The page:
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Glamorized in books, movies, television, and recently in the news media, forensic science has gathered a popular following. Making forensic science interesting and appealing to a large audience is easy to do because the work is just that--interesting and appealing. The fictional forensic scientist collects evidence at crime scenes, analyzes it in a high-tech lab, and draws on objective science to reconstruct the details of the crime. It is a very satisfying story. Science uncovers lies and reveals the truth. Justice is done as innocents are set free and the guilty are convicted.

The reality of forensic science does retain many of the traits that make the field so appealing in this fictional setting. In the real world, scientific analysis of physical evidence does play a role in the prosecution of criminals. However, popular media rarely exposes the public and, more importantly, prospective forensic science students to actual forensic work. When considering a career in forensic science it is important to have a clearer picture of what forensic science is, and is not, and what it demands of its practitioners.

Hollywood focuses on the most interesting aspects of the forensic investigation. Science becomes a gimmick--a technological toy that the hero uses to find evidence the criminal surely hoped was undetectable. In reality, forensic scientists spend a great deal of time in the laboratory, working with evidence collected from crime scenes. For the forensic scientist, the goal is to objectively analyze submitted evidence and return an interpretation to the investigator. Although there are opportunities for investigative field-based work, most forensic scientists work in laboratories processing evidence. The work is just as demanding as the work in any other analytical laboratory, but rarely requires the scientist to outsmart or chase down nefarious evil doers.

Despite these common misconceptions, forensics work is still very rewarding. Unlike other analytical laboratories that may be working on a small part of a larger puzzle, the forensic scientist often get to follow their cases, including the analysis of evidence in the laboratory and the interpretation of the analytical findings in a courtroom.

It is satisfying to see one's work having a direct impact that clearly serves society. Nonetheless, forensic scientists must be very cautious. With so much emphasis placed on effective testimony, forensic scientists must clearly present the certainties and limitations of their scientific findings. Perhaps, the most important quality of a forensic scientist is the ability to provide authoritative testimony that does not mislead a jury. Participating in a single erroneous conviction through "authoritative testimony" renders the forensic contribution to just convictions markedly insignificant.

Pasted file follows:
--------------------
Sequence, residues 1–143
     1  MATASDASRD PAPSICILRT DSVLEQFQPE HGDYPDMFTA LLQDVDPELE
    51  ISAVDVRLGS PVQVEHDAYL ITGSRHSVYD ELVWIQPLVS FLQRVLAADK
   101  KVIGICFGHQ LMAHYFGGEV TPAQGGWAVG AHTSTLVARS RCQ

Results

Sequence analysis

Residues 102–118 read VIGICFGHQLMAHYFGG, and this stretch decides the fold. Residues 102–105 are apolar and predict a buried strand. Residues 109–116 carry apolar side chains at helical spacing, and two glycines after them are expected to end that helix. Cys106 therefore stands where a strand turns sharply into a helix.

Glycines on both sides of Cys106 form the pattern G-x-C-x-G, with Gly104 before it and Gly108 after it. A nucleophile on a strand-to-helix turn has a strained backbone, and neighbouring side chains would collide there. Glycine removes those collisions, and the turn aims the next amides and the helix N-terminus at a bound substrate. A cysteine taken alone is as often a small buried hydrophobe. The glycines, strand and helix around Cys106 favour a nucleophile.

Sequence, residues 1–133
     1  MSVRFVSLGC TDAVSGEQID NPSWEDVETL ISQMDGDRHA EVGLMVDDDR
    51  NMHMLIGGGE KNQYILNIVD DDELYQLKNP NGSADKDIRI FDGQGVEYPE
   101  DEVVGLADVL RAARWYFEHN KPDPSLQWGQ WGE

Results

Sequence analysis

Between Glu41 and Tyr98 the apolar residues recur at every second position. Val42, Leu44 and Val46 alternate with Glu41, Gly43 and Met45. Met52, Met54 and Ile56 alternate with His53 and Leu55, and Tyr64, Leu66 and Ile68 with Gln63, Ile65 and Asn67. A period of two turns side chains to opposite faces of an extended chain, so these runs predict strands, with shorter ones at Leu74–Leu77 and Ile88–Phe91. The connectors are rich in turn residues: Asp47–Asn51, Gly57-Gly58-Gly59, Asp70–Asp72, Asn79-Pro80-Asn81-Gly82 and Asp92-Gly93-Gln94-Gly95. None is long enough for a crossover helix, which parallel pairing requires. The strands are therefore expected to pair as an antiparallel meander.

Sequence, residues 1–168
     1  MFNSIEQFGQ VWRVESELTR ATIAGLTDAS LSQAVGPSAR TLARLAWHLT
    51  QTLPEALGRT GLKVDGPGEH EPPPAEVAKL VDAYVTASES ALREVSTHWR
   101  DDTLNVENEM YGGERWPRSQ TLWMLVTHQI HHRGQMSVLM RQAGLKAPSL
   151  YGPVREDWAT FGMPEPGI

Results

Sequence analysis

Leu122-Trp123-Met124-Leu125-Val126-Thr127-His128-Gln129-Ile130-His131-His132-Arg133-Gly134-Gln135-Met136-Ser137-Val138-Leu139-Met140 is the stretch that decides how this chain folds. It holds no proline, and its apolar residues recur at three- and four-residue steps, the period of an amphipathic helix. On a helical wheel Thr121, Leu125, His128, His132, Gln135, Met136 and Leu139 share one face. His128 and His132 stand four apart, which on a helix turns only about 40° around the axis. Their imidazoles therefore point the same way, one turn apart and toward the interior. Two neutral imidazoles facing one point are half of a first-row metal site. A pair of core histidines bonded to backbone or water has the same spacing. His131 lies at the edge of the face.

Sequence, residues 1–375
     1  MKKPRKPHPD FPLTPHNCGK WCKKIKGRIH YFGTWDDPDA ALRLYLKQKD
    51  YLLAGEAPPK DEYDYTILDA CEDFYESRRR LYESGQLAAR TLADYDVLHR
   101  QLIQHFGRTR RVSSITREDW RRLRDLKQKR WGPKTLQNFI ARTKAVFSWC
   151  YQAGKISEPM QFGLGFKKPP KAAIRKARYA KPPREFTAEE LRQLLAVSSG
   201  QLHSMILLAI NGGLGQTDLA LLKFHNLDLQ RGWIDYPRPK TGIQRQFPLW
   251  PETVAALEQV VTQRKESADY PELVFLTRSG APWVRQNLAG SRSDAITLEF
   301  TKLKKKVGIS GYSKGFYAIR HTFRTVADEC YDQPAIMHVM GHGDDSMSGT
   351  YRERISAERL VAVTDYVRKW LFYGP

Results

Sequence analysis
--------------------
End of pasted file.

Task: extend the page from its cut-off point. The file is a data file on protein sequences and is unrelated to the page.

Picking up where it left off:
A misconception about the work of forensic scientists leads to misconceptions about forensic education. Students weary of the "hard" sciences may think they can pursue a career in forensics and avoid the stringent training required for more traditional science disciplines. This is not the case. Prospective students should be aware that the forensic scientist is a scientist first.

Forensic scientists are chemists and biologists with supplemental training on applying their science to forensics and the criminal justice system. It would indeed be unjustifiable if the forensic scientists that are called on to help resolve issues in the criminal justice system had less scientific knowledge or skill than those working in equivalent analytical laboratories.

Although the bulk of forensic work is laboratory based, many students expect their education in forensic science to take the form of a "job-training" program. It is common for prospective students to expect forensic science education to be centered on the "standard operating procedures" used in crime laboratories. Crime laboratory protocols are important to forensics work and can be more effectively taught in the crime laboratory during the probationary employment period. These protocols, along with classes on courtroom proceedings and evidence handling, are commonly addressed in a forensic science program to create an environment that is not available in traditional scientific programs. However, they are not often the core of the forensic program.

The excitement of today?s forensic science is the continuous grappling with the most advanced knowledge and technologies to provide definitive interpretations of criminal acts. The mission of a forensic science program is to advance a student?s knowledge and skill in problem solving by emphasizing basic science and new technologies. The work of a forensic scientist is unique in that the scientist will collect samples under many adverse conditions. Each sample possesses a unique challenge to the analyst. The forensic scientist must have knowledge of the current practices in the field, understand the underlying scientific principles behind these practices, and be equipped with advanced scientific knowledge and skill. Only when both the basic science and the nature of forensic science is understood, will the forensic scientist have the ability to determine the best method for analyzing varying types of evidence.

Forensic science is for serious scientists who wish to apply their knowledge and skills in a field that directly benefits society through facilitating the prevalence of justice.

Jason G. Linville is a graduate student in the Forensic Science Doctoral Training Program from the department of biology. Ray H. Liu is a professor and director of the Graduate Program in Forensic Science in the department of justice sciences at the University of Alabama at Birmingham (UAB), as well as the committee chair of UAB's Forensic Science Doctoral Training Program.